Getting on a comprehensive public or private insurance plan is not always easy. In fact, in certain cases it can seem near impossible. Freelancers from non-EU countries, for example, are generally not eligible for public health insurance; and if they have any pre-existing conditions, they may find private insurance prohibitively expensive—or be completely ineligible. Paying for comprehensive health insurance also generally doesn’t make sense for young, healthy people who may only be in Germany for the short term (a few months to a year).
In these cases, expat health insurance can be a solution.
What is expat health insurance?
Expat health insurance, also known as “incoming insurance” provides coverage for emergencies and acute health problems. Generally, it covers costs associated with accidents or unexpected injuries, including hospital stays and related visits to medical professionals.
You can sign up for an expat health insurance policy for a maximum of five years from your entry date into Germany. Therefore, expat health insurance is meant as a temporary solution for people who cannot immediately enter the public or private comprehensive health insurance systems. Because you cannot be on expat health insurance for more than five years, we will always recommend looking into your comprehensive insurance options first.
A major drawback of expat health insurance is that it doesn’t cover pre-existing conditions and chronic illnesses. So while you’ll be reimbursed for costs associated for a broken bone or a sinus infection, treatment for pre-existing illness like diabetes or hypothyroidism will not be covered. If you get treatments for pre-existing conditions, then you will have to pay out of pocket.
Family & dependents
Your expat health insurance policy will not cover children or other dependents. Any additional family members will need to have their own policies.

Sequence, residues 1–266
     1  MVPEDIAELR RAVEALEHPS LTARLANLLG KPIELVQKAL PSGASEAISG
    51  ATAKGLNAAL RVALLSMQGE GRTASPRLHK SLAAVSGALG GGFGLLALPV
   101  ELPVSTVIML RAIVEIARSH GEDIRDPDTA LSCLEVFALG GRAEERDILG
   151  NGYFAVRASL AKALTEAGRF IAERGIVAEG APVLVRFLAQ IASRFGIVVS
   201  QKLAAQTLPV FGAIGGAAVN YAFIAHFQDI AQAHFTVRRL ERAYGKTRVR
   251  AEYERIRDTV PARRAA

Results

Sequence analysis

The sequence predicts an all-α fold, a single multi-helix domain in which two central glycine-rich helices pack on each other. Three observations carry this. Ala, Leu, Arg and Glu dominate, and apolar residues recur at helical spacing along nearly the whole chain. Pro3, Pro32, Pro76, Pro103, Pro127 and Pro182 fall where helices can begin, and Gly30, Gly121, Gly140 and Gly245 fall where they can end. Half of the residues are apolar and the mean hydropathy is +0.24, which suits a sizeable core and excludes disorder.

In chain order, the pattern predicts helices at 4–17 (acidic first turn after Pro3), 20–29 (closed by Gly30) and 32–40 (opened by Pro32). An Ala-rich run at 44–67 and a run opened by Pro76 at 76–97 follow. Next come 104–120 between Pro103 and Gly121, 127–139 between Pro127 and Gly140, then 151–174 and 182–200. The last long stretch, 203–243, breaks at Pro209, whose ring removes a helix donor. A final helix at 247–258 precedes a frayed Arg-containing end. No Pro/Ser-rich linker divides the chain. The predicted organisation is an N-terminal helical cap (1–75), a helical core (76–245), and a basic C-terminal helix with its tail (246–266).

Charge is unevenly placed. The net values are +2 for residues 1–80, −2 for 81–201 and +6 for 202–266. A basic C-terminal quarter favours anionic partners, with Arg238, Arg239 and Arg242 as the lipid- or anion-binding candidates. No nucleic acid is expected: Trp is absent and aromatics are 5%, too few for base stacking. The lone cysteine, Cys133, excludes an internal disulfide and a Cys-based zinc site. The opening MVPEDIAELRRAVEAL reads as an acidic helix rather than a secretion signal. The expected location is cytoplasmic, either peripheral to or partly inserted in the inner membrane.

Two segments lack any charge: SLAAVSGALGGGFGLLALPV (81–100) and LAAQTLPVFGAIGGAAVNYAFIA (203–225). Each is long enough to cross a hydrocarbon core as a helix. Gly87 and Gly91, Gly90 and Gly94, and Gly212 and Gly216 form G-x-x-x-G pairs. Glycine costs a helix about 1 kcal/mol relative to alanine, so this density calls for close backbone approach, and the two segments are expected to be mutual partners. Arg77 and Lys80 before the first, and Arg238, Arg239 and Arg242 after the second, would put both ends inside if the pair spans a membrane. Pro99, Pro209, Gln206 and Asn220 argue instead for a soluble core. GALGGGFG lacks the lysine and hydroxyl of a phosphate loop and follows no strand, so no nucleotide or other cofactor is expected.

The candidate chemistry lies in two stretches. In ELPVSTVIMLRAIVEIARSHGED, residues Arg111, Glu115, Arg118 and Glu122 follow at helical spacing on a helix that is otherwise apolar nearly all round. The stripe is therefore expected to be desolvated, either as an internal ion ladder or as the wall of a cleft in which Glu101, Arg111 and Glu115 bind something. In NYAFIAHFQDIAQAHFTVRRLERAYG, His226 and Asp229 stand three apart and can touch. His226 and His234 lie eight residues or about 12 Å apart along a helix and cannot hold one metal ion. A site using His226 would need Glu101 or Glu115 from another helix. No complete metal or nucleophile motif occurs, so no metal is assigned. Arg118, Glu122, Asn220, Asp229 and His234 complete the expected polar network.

Residence permit validity
The Feather expat health insurance plan is perfect for residence permit- and visa-seekers. You will be able to get your first residence permit with expat health insurance.
However, it should be noted that the residence permit office generally does not accept expat health insurance for residence permit renewals. You will need to have a comprehensive plan (e.g. become a member of a public Krankenkasse or join private health insurance) by the time you renew your residence permit. You can read more about that on our blog.
A note on our recommendations
We are a public-first company. We will almost always recommend that you find a way to join public health insurance if you have long-term plans to stay in Germany. We only recommend joining expat health insurance if entering the public system isn’t an option—and since expat health insurance is only a temporary solution, we also generally advise our customers to find a way into the public system before they renew their residence permits.
Ways to do so may include:
- Joining the Künstlersozialkasse (for freelancers in certain fields—check our blog for more information);
- Becoming a full-time employee of a German company.
- 4 Ways Expat Health Insurance Can Help You
- Why Doesn’t Expat Health Insurance Work for Visa Renewals?
- FAQ: Expat Health Insurance